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Clearing the Clouds Around Facility Safety Planning 

Posted by Sara Peters on 04.03.18

By Sara Peters, Sr. Customer Communications & Brand Specialist,  Fauske & Associates, LLC

Safety planning in a facility is expected.  Experts look at the “what if” scenarios and try to create and implement procedures to mitigate the potential for damage.  But what happens when a situation arises that a plant has not prepared for?

Mother Nature has come at the US hard in the last few years. Fires out west, multiple hurricanes in the gulf, deep freezes in the south,  nor’ easters wreaking their own special havoc.  To say that such extreme and changing weather patterns have caught pretty much everyone in the country off guard is an understatement. tornado

Yes, different weather events are expected in each season and prepared for accordingly. For example, where I live, tornado season is upon us and the drills and siren tests have begun since our region is tornado prone. But, that doesn’t mean that tornadoes and the wind and flooding issues that accompany such strong storms are the only type of catastrophic events we could face. After all, the New Madrid fault line does run through the southern tip of my state. And, even though the occurrence of an earthquake might seem minimal for now, It is not all together unlikely. Have the manufacturing facilities and chemical plants in the area factored the possibility of an earthquake into their facility safety planning? I would hope so, but the reality is planning for a tornado is probably addressed more in their plant safety planning because the threat is greater.

Although a good safety expert will consider numerous situations in their planning efforts, truth be told, you can’t plan for every scenario, no matter how hard you might try.  And, even with the most current data and statistics at your fingertips,  you cannot estimate the severity of every scenario. No one could have predicted the full extent of the destruction that weather has wrought in recent months/years.  In the end, not only are private citizens left to deal with the aftermath, but so too is industry.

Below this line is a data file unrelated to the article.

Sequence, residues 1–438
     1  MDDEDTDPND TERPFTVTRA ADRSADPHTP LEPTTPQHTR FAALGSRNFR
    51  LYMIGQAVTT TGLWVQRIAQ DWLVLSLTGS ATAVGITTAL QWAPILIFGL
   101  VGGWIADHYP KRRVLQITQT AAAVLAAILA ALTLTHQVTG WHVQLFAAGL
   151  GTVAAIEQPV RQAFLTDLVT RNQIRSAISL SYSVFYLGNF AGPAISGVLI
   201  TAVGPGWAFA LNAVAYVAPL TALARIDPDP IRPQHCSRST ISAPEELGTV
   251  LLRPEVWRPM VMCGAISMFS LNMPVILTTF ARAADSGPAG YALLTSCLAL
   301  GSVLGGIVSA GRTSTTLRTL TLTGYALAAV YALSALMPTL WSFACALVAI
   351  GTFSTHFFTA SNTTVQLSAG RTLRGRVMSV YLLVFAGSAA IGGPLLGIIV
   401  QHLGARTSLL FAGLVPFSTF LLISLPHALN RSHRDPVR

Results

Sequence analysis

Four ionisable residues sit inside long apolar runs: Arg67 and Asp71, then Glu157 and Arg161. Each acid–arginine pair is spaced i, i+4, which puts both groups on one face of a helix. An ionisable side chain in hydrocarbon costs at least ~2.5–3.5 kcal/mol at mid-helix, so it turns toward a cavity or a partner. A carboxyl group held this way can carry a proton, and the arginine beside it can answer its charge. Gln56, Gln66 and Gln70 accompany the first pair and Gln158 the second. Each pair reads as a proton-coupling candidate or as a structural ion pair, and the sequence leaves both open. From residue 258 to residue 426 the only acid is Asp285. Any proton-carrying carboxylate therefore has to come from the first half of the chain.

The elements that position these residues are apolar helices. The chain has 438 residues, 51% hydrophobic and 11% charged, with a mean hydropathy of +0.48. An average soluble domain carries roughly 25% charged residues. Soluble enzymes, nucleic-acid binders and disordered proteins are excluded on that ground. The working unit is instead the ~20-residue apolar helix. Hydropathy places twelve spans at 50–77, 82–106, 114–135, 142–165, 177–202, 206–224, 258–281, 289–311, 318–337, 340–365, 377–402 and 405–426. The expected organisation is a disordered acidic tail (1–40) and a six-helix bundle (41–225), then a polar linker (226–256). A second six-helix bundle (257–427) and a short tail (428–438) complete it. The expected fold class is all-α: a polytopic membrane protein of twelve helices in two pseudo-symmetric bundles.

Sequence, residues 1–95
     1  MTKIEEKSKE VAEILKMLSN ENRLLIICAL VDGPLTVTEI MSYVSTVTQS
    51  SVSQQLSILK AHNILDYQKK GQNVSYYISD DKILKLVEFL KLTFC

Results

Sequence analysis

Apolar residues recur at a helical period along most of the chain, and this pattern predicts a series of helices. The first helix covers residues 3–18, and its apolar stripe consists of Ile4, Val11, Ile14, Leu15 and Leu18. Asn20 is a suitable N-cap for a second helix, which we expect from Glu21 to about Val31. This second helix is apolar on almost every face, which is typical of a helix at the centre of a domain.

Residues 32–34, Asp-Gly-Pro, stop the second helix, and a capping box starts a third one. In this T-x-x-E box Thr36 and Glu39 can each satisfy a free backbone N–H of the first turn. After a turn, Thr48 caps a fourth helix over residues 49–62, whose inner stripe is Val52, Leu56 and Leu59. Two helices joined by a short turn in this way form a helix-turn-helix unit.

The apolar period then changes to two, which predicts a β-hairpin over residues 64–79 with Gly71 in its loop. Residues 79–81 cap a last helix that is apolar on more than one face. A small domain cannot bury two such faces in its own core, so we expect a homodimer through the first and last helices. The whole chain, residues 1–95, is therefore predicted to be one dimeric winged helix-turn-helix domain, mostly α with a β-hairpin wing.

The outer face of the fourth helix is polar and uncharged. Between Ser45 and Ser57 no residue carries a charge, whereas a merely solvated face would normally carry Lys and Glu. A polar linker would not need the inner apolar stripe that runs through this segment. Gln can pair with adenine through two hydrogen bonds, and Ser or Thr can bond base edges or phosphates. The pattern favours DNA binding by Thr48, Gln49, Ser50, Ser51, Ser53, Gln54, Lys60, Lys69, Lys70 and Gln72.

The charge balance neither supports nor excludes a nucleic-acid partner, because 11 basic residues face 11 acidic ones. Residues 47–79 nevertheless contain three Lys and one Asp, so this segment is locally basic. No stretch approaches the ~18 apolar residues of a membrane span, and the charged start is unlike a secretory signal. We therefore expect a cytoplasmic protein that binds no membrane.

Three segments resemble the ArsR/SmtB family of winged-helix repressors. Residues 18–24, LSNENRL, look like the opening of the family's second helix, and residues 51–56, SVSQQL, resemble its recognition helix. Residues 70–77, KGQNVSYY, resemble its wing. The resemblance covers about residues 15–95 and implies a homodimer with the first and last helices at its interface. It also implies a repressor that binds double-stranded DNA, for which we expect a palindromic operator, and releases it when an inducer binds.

This recent article published in Chemical Processing addresses the impact of recent severe and extreme weather events on the chemical industry. It also serves as a good reminder of the importance of constantly reviewing process safety planning strategies to ensure your plan is keeping up with the inevitable changes.

If you happen to be from Illinois, you might be surprised to read "Illinois Emergency Management Says Be Ready for the Big One With Earthquake Preparedness." Search the net for your state to find similar.  For a list of recent earthquakes near your state, click here and select your state. For more info on mitigation from the state of Illinois, click here.

A key factor in such planning is to understand the volatility of the materials you use and the safety measures required to keep your equipment operational. A combustible dust hazard analysis (DHA), and process hazards analysis (PHA) along with dust and chemical characterization can help identify potential hazards. Add to that, an understanding of the structural considerations brought about by aging facilities and urban growth in surrounding areas for the most comprehensive Process Safety Management (PSM) approach. The safety plan that is developed should be revisited regularly to account for such variables.

I urge all of you to revisit your safety planning in light of the most recent wave of environmental disasters.  If you need help with PHAs, DHAs or testing along with other important PSM assessments and tools, let us know.  Safety is our passion and we are here to help.    

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Topics: facility safety, process safety, safety testing, weather


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